However, once the oil passes through the system and returns to the reservoir, the wear debris concentration will be significantly lower, due to a combination of both the return line filter, but more significantly the dilution factor, caused by suspending the same amount of wear debris in the large volume of oil in the reservoir. In fact, hydraulic pump failures are often missed altogether due to reservoir sampling. To the uneducated oil analysis user, the perception is that oil analysis is not an effective condition-monitoring tool, when in reality it is the sampling procedure that is at fault.
In order to more effectively monitor complex systems, a component isolation sampling strategy must be employed. Component isolation means exactly that; the component is isolated and sampled separately from the rest of the machine. In doing so, oil analysis provides a snapshot of the health of that part of the equipment at a specific moment in time separate from other locations. To do this, samples should be collected downstream of all critical components and the results compared to data collected upstream of the same component.
All the elements of the hydraulic system in Figure 1 are considered critical. If any one of these components fails, the system cannot operate within design specifications. It is thus essential that the condition of these components be trended in order to maintain reliability.
When employing a component isolation strategy, sample ports should be installed in turbulent zones where maximum data density is achieved with minimum data disturbance.
While sampling after each component in the simple system (such as the one shown in Figure 1) is easily achieved, once sample valves have been installed, in more complex systems, component isolation may require around 10-15 sample points. Since sampling each point on a routine basis is usually cost-prohibitive, a good strategy is to locate a primary sampling point for routine monitoring.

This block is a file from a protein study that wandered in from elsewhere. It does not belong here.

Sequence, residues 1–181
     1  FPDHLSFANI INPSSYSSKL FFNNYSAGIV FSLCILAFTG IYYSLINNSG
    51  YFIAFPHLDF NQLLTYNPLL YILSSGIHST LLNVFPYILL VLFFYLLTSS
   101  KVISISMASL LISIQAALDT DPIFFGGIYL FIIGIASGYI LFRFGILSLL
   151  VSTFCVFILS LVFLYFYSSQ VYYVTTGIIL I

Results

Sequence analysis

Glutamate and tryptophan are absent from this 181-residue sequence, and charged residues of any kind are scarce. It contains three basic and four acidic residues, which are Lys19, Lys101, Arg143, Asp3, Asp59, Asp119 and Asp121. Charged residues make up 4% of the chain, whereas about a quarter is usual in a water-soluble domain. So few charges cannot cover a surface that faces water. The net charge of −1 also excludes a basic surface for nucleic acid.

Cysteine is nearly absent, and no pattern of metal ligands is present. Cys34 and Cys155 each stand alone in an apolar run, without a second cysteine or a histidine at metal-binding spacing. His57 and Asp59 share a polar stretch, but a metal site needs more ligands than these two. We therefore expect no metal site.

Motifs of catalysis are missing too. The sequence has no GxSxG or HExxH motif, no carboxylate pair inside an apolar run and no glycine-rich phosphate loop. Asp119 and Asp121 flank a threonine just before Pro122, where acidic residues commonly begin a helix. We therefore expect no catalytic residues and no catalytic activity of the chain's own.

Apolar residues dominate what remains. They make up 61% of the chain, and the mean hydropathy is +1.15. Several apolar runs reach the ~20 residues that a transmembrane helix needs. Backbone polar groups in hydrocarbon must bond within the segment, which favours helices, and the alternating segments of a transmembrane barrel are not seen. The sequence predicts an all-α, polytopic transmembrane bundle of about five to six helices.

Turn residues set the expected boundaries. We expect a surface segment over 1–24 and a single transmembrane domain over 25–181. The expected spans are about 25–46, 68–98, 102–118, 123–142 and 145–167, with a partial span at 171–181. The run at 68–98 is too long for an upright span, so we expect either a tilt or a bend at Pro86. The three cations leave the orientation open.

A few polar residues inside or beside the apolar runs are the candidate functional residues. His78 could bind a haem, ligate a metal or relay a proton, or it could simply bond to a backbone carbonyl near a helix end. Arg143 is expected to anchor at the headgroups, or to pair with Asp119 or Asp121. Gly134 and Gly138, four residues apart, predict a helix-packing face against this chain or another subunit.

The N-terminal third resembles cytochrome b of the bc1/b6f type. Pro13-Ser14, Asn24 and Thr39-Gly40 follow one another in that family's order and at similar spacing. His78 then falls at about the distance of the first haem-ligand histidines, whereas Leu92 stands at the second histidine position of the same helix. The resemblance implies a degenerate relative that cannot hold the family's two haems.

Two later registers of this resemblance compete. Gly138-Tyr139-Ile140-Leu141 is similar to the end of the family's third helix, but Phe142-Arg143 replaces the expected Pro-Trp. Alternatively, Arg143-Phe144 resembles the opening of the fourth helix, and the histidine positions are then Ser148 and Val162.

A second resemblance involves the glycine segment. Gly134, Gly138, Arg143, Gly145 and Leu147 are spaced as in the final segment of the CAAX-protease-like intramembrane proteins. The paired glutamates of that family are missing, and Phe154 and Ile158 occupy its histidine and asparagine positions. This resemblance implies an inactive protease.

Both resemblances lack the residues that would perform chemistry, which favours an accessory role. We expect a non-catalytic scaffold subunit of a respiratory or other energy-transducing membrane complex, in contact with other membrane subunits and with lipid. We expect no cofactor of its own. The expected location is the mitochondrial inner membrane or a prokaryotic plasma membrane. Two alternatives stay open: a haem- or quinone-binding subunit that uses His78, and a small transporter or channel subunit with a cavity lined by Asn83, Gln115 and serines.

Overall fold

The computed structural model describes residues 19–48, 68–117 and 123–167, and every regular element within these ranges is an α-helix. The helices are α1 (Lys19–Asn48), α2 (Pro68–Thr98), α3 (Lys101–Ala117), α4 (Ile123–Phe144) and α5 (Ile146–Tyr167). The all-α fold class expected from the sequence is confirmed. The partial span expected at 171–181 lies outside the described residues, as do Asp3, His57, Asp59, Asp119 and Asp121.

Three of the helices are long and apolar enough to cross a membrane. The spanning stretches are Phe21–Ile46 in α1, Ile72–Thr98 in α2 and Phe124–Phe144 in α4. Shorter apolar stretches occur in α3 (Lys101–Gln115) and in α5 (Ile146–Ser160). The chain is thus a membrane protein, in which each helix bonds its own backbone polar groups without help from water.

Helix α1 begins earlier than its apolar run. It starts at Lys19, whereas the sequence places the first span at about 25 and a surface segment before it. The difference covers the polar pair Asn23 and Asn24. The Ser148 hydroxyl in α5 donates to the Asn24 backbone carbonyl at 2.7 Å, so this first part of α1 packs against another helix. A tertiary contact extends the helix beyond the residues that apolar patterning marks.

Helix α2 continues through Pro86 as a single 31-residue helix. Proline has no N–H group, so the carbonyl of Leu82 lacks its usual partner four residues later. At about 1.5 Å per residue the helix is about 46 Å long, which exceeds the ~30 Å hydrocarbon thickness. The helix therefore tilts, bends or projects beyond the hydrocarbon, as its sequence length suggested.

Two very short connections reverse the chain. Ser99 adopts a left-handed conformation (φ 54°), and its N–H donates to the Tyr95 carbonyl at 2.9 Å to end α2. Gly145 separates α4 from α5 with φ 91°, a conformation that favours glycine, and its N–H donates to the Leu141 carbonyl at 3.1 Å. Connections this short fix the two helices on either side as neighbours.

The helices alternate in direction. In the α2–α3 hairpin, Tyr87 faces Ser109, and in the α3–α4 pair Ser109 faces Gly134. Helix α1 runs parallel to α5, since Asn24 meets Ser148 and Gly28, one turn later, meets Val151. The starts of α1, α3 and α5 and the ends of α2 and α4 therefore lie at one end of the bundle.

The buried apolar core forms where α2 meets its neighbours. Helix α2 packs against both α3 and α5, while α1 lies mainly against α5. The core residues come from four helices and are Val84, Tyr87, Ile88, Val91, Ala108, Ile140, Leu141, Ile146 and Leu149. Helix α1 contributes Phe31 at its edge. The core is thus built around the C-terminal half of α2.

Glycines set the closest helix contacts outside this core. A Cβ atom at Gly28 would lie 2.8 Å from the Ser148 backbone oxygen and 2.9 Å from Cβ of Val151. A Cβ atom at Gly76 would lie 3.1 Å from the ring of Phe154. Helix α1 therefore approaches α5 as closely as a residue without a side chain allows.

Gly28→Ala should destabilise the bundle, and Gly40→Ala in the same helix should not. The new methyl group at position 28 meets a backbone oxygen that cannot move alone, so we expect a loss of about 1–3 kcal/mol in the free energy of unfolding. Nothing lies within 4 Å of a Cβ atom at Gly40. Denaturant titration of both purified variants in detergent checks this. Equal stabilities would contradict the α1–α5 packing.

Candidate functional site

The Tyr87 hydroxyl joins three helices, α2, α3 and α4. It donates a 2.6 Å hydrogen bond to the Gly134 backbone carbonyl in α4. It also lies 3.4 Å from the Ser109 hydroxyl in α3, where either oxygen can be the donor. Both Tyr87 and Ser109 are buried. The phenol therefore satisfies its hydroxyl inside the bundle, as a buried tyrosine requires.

The primary is then backed up by appropriately located secondary sampling points used in the event of an exception for troubleshooting purposes. For most hydraulic systems, a good location for a single primary sampling port is on the return line, directly upstream of the return line filter, as shown in Figure 1. For systems with multiple return lines, multiple primary sampling locations may be required.
Depending on the specific components in the system, more than one sample port may need to be installed on a single component. For example, consider a variable speed radial piston motor. This type of motor has two separate internal chambers that are independent of each other. One chamber is the motor case, which houses all the mechanical components of the motor including bearings, retaining rings, bushings and seals.